Sunday, December 20, 2009

The Big Data Puzzle

The gen next new age database vendors claim support for petabytes of data. This list is ever increasing day by day. It’s quite interesting to watch the trends from EDW ( Enterprise data warehouse ) to EDA ( Enterprise data appliances ) to EDC ( Enterprise data cloud ). The EDC is the latest band wagon from Greenplum database vendor. Today most of the Big Data vendors singing the same tunes and at the core of it the following technologies responsible.

  1. Column oriented architecture
  2. Cloud support & Integration
  3. Map Reduce to process the data
  4. Massively Parallel Processing
  5. Data grid with Commoditized H/W

Companies like Vertica, ParAccel , GreenPlum , InfoBright , Sybase are built databases around above key technologies.

Column Oriented Architecture :

A column oriented database stores its content in columns rather than storing in traditional row format like OLTP database systems. This architecture has a definite incremental advantage of processing massive amount of data compared the row based architecture. This is most suitable for read operation and queries. In a typical data warehouse, the no of columns might be more than 100 per table. In those cases when the user queries only few columns, there is no need for processing the entire row. We can easily retrieve the necessary columns much faster compared to row based storage.

Cloud support & Integration:

All most all vendors provide a way to integrate their databases with clouds. Inherently cloud architecture provide the necessary tenets for solving the peta bytes of data problem and on the same hand it also provides better economy of scale. Typically, cloud computing provides the following key features which is the key for big data vendors.

  1. On demand Scale out and provisioning provides low capex which attracts all sized vendors.
  2. The whole analytical process can be configured with in external cloud. They need not be in house. This helps in reduction upfront cost of H/W installation.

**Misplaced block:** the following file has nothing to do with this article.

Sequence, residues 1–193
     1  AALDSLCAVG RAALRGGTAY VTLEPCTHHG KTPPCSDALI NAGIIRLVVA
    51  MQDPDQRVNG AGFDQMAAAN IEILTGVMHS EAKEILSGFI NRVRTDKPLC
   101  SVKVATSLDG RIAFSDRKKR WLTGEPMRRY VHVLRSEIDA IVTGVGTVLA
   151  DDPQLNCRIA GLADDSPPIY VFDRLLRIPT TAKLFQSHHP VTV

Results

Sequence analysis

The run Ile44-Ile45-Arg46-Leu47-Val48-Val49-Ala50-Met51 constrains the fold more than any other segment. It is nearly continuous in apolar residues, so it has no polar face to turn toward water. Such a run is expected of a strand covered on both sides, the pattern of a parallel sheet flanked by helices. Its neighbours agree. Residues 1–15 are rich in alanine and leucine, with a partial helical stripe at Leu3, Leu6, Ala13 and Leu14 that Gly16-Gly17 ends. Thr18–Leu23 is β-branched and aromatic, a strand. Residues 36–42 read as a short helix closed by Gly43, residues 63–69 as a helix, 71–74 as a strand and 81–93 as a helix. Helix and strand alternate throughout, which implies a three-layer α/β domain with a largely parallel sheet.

Map Reduce:

Map reduce framework provides yet another dimension for solving this equation. Map Reduce provides a way for processing huge datasets by chopping in to small sets and aggregating back them in a distributed environment. Initially this technique was tried and implemented by Big Daddy Google. There are lot of architecture built on this framework. One of the notable variant is Hadoop, which can solve massive amount of data in key and value pair. The Map Reduce is extended to SQL by GreenPlum and AsterData systems. Some company feel this will help developers as they need not to learn a new language while working with these technologies.

Massively Parallel Processing:

The massively parallel processing with shared nothing technology is one of the key technologies behind today’s distributed computing and this provides the so called on demand scale out in cloud infrastructure. And hence this is one of the key ingredients within the Big Data equation.

Data grid with Commoditized H/W:

This is last but not the least technology used in the above stack. Above technological rise is happening due to availability of today’s low cost commodity H/W. This H/W commoditization led to proliferation of large grid architecture with low cost. Instead spending money on high-end H/W, cloud computing provides an opportunity to use low cost H/W and allows to reap the advantages with the same proprietary H/W.